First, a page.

She burst through the curtain of shadow puppets. What seemed like a hundred eyes turned towards her with shock, and a garden brimming with naked women filled the whole of her vision. She dashed towards them, broke through the crowd while brushing her skin against skin. She knocked her side against one of the trees and a few fruits fell down.
Goda was yelling something behind her, but she couldn’t hear it clearly anymore. The whine in her ears came louder and louder. She jumped into the threshold that led to the pool, and the cry of the shrine grew into a powerful rumble, like the sound of a rushing waterfall pounding against her eardrums—or the sound of a runaway train.
She sprinted through the spring’s chamber, barely having time to notice that the snakes on the wall were coiling and slithering against each other. She ran through the small corridor at the back, her eyes trained on the smudge of dim moonlight that she could see at the end. Footfalls vibrated not far behind her, and they seemed to even grow in number, as if they had divided into three or four sets of legs instead of just one. Still, she didn’t look back; she pushed forward.
She took one hard step onto the ground outside—and that was when the point of her awareness suddenly ripped back. She was no longer in her body. She was up, over herself, gazing at the back of her own head.
And then she was further back still. She was in another body, pain coursing through all her muscles—the pain of exhaustion and something else still—and to her complete bewilderment, she was watching Kanna Rava running just a dozen paces ahead.
On instinct, she tensed up. For just a fraction of a second, this twitch actually seemed to ripple through the body she was in, and the legs came to a halt. “Gah!” a deep voice burst from the chest.
In that exact moment, Kanna snapped back into her own body. She was running parallel to the tracks, her bones and joints and muscles moving almost automatically. Completely flabbergasted, she turned to look behind her and saw that Goda was staring at her, pausing in the middle of the road, with a similarly astonished gaze.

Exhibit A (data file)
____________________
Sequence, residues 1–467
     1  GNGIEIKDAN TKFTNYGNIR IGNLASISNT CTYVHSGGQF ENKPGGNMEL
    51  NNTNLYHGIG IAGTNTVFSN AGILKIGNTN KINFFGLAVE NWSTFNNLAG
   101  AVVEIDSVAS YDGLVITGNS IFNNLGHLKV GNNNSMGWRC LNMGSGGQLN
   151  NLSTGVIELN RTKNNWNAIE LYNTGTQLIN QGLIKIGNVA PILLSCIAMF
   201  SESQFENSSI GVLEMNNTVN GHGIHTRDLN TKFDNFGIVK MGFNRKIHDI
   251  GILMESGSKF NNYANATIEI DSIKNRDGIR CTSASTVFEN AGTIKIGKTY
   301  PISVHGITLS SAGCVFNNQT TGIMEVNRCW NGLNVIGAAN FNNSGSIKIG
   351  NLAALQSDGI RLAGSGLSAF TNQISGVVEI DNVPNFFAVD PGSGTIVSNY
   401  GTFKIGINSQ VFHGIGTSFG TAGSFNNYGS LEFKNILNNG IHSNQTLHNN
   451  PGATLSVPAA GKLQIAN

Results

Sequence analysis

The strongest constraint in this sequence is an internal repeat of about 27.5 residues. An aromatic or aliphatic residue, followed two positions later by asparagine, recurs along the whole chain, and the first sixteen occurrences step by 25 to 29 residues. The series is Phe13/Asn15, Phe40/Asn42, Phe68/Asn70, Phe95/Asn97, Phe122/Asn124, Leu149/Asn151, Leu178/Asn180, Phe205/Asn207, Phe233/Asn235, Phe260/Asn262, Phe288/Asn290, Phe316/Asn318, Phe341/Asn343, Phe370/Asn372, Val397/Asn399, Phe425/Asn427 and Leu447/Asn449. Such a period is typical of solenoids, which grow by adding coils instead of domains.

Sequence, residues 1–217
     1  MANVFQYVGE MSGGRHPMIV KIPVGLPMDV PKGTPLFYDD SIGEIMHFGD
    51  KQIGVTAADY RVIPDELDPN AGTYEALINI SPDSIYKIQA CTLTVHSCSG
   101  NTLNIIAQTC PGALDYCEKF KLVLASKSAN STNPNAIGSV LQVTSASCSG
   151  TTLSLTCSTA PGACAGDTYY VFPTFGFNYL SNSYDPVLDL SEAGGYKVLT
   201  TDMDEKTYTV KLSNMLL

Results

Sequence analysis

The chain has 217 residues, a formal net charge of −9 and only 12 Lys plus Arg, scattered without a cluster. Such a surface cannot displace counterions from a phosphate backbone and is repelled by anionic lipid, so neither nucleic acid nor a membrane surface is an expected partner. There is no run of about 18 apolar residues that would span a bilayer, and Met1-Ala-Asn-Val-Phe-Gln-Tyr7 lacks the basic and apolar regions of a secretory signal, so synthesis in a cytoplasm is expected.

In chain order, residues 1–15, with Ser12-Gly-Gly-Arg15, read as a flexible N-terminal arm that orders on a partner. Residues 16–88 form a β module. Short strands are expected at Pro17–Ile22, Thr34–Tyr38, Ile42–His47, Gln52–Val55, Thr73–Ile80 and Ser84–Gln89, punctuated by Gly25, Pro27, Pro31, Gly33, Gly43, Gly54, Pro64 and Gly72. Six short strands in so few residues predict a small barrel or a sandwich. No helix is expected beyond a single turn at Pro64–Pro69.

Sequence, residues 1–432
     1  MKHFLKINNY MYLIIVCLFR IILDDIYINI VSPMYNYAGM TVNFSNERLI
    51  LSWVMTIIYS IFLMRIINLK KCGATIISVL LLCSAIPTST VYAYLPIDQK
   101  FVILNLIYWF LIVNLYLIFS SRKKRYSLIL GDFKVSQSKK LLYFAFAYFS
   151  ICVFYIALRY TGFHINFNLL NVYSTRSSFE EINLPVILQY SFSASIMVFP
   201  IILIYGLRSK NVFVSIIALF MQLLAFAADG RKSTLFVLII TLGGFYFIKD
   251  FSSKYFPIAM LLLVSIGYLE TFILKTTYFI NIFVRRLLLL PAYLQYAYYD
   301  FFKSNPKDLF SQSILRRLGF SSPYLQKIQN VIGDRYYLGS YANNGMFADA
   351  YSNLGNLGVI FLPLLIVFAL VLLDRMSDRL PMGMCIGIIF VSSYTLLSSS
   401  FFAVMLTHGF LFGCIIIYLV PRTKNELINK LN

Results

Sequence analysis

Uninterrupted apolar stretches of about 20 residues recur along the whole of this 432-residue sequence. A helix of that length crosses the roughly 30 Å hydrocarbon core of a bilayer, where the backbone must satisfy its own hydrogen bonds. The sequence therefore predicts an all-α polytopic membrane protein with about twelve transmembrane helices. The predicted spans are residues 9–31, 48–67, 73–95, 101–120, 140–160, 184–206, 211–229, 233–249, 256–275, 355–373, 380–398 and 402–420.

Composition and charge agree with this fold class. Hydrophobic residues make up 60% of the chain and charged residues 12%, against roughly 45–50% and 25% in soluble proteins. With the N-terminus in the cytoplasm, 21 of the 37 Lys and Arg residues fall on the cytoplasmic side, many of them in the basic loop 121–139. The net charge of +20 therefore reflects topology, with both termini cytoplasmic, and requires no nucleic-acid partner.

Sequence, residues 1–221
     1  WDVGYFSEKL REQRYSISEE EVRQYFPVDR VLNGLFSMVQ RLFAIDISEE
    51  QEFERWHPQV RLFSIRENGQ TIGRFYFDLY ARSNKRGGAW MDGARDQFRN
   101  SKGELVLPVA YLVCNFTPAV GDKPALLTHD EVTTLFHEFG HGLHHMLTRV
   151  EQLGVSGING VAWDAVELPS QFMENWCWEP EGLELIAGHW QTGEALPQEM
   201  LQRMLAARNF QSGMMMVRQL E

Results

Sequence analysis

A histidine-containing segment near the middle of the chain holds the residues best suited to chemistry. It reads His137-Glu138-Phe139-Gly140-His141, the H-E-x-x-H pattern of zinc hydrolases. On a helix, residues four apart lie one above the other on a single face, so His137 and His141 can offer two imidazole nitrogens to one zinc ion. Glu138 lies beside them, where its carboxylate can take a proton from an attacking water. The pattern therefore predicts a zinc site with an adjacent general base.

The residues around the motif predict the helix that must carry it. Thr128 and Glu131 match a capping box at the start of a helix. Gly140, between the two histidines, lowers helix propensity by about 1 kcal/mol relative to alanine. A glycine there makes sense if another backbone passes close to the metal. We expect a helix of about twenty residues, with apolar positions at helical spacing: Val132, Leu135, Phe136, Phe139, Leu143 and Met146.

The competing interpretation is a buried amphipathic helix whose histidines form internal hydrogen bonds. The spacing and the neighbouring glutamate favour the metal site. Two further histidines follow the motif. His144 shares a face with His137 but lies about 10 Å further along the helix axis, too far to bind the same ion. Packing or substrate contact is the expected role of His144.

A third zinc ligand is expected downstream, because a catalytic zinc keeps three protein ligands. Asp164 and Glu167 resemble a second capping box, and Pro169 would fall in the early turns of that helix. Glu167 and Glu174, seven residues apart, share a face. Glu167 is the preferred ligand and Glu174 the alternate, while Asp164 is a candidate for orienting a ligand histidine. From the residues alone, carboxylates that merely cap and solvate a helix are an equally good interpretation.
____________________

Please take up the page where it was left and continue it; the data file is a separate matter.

But Kanna kept running, and so the creature gave chase again. They ran through the main street, past boarded up food stalls and market tents that had been tied closed—all of which slowed Kanna down, but allowed her to weave through obstacles to evade the much larger Goda. This only seemed to make the beast grow more infuriated. There were no words anymore; its grunts and growls were those of an animal. It rampaged through the path and ripped through canvas walls and even broke its way through wooden panels to claw at her.
When Kanna found herself trapped between several carts that were too heavy for her to move, she tried to duck underneath one of them, but Goda was right behind her as she stooped down.
The giant caught one of Kanna’s ankles and jerked it back until Kanna fell face-first into the dirt.
Then Goda was on top of her, straddling Kanna’s back, her breaths heaving and ragged and husky, her angry grunts moving like waves down her body and shaking through Kanna’s own ribs. It felt more like the rev of an engine than the voice of a woman.
Goda snatched Kanna by the wrist. Kanna’s struggles were useless against those inhuman hands, though her writhing did slow Goda down, and the woman tried to steady the cuff so that she could pull the key out. She took it between two fingers gingerly, as if her movements had to be precise.
Kanna craned her neck up, with the full intention to bite as hard as she could into those fingers—but then a loud crack echoed through the little street. It was followed by a metallic ringing and a cry from the monster above her.
All of a sudden, Goda was on the ground next to her. The woman was holding onto her own head with her hands. A smear of blood had appeared between those fingers.
Kanna looked up. Two silhouettes—long like a pair of shadowy towers in the skyline—hovered over her. It took her a moment to realize in the growing cloudiness that they were human, and that they stared down at her with twin smiles. One of them dropped a heavy brass pot onto the ground. “Run!” the other urged her.
Goda was already getting up. She was reaching for Kanna again, but this time two pairs of arms had snaked around the giant’s torso, and two familiar young women were grappling Goda into the dirt.
“Go!” Noa called out to her again, pushing Goda’s head down with both hands as the giant snarled and swung her arms every which way. “She’s huge! We can’t keep her back for long! Stop staring and run, kid!”